Research Published on 10/08/2019

A team of scientists from the GeePs laboratory, SATIE, Imperial College London and Stanford University, with the support of DARGATECH, a water and renewable energy engineering company, has just published an article devoted to the modelling of a solar water pump installed in the village of Gogma in Burkina Faso.

A validated model of a photovoltaic water pumping system for off-grid rural communities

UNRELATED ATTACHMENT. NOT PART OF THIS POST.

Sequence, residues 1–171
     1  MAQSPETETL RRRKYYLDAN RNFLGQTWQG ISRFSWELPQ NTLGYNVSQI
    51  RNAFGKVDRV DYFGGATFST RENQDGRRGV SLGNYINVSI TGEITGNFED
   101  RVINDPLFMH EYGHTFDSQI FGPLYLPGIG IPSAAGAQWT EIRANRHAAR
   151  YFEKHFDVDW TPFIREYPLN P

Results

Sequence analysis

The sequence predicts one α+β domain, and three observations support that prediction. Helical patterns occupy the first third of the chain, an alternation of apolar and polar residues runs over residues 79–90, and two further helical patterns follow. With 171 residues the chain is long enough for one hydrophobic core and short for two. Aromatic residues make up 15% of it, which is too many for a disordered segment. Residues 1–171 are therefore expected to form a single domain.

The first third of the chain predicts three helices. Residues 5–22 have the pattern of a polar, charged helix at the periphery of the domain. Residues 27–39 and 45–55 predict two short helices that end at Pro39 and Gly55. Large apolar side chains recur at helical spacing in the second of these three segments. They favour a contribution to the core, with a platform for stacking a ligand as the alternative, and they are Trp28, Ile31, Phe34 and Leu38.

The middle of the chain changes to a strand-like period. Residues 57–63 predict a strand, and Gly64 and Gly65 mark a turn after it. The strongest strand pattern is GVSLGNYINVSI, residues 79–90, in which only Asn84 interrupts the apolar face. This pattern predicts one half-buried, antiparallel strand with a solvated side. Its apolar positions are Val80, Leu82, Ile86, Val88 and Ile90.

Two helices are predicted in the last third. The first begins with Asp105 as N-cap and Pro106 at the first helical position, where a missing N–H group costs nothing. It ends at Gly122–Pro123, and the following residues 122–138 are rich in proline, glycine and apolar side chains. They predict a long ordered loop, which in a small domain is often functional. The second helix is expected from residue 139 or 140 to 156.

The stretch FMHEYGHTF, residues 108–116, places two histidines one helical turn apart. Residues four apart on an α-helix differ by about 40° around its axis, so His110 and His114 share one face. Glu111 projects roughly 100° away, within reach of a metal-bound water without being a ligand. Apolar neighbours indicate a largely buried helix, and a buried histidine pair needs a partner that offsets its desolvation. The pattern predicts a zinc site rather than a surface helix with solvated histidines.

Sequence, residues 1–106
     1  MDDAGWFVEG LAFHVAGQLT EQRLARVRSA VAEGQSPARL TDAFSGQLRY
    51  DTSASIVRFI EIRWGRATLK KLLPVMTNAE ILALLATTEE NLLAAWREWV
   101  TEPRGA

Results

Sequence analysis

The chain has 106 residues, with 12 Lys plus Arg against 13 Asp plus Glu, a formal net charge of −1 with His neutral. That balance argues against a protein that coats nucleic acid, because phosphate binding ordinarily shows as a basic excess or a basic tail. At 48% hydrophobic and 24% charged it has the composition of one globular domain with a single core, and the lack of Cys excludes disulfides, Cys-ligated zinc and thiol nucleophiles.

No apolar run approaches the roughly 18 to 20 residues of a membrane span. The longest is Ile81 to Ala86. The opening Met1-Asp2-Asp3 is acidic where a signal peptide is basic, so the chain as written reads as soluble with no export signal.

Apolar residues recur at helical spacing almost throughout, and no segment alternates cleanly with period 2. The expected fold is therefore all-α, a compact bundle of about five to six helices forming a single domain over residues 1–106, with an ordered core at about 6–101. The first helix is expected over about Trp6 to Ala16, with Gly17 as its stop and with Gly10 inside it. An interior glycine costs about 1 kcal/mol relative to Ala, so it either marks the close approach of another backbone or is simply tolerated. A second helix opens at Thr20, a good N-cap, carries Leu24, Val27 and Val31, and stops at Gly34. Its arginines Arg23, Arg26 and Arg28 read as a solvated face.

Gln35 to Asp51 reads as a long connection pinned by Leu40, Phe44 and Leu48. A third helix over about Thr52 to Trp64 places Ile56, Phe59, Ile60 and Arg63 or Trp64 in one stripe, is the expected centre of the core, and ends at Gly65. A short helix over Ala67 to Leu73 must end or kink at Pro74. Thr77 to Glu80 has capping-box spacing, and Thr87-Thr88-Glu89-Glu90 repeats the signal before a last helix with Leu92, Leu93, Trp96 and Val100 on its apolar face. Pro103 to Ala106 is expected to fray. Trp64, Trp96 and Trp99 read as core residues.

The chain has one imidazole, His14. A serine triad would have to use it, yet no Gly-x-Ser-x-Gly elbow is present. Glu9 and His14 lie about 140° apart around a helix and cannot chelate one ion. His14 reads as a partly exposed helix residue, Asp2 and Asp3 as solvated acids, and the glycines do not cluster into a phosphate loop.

Abstract: "The low electrification rate in rural sub-Saharan Africa prevents access to energy services which are essential to improve living conditions. One of these energy services is electrified water pumping, which is particularly relevant for these areas where water access continues being a significant challenge. Pumping systems powered by photovoltaic energy have emerged as an interesting solution in off-grid areas. This article presents a model of photovoltaic water pumping system (PVWPS) for providing domestic water to off-grid rural communities. The model simulates the pumped flow rate and the water level in the storage tank from the climatic data (irradiance, ambient temperature) and the profile of water collection by the users of the system. The modelling of the different stages of the energy conversion chain and a method for identifying the unknown parameters of PVWPS are presented in this article. The model is applied to a pilot PVWPS situated in a rural village of Burkina Faso. The comparison between the measurements performed on the system and the model outputs allows to validate the model experimentally. Results indicate that the model permits to accurately simulate the water height in the tank both when climatic data from local sensors and from satellite are inputted in the model. The model could therefore be applied to other off-grid areas to perform techno-economic optimization and size new PVWPS as well as to evaluate the performances of existing PVWPS. The originalities of this work include the consideration of the water collection profile as a model input and the monitoring of a PVWPS in a rural village of Sub-Saharan Africa, an area where no continuous measurements on these systems has been performed, to the best knowledge of the authors. Further, the comparison of the impact of inputting satellite climatic data instead of measured ones on the PVWPS model accuracy is also a novel contribution."